Walks around the feet
Of the women about you?

VIII
I know noble accents
And lucid, inescapable rhythms;
But I know, too,
That the blackbird is involved
In what I know.

IX
When the blackbird flew out of sight,
It marked the edge
Of one of many circles.

X
At the sight of blackbirds
Flying in a green light,
Even the bawds of euphony
Would cry out sharply.

XI
He rode over Connecticut
In a glass coach.
Once, a fear pierced him,
In that he mistook
The shadow of his equipage
For blackbirds.

XII
The river is moving.
The blackbird must be flying.

XIII
It was evening all afternoon.
It was snowing
And it was going to snow.
The blackbird sat
In the cedar-limbs.

 

 

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New promo illustration

coffee monkey on man's back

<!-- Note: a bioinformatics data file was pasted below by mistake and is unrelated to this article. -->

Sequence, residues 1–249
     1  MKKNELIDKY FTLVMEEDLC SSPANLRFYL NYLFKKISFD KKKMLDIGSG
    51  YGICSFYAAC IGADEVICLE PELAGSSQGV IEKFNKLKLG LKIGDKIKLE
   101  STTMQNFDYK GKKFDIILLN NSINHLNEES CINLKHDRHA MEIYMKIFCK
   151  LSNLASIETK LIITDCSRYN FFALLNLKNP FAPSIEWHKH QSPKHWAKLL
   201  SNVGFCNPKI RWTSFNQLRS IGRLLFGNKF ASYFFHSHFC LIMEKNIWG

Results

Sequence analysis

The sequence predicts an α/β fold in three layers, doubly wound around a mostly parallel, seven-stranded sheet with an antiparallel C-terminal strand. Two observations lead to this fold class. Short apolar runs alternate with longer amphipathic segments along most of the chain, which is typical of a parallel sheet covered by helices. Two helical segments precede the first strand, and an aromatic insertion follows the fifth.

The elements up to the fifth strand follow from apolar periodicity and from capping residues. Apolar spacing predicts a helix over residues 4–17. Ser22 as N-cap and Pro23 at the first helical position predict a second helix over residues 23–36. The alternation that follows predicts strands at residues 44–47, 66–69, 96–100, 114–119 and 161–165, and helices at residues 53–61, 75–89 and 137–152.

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I can, and I will.

It’s always an extra bonus when an illustration project leads to an exciting new experience– in this case, learning how to can! After designing and illustrating these canning workshop advertisements for Loose Caboose Farms in the Hudson Valley, NY, I was invited to participate in two of their food storage workshops.  At our 1st workshop, I learned how to can spicy garlic jalapeño carrots.

 

Loose Caboose Postcard

Loose Caboose Farms postcard

 

Peeling and preparing the garden-fresh veggies

 

Releasing trapped air bubbles with a chopstick

Releasing trapped air bubbles from brine with a chopstick

 

Spicy garlic jalapeño carrots

After closing the jars and boiling for 15 minutes-- Spicy Carrot sticks!

 

If you live near the Hudson Valley and would like to participate in a Loose Caboose Farm canning workshop, visit their website and write to ask about upcoming workshops.

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Sketching at SOI

Bri Hermanson, Daniel Hertzberg and I enjoyed the beach theme at the Society of Illustrators sketch night yesterday. Four figure drawings below…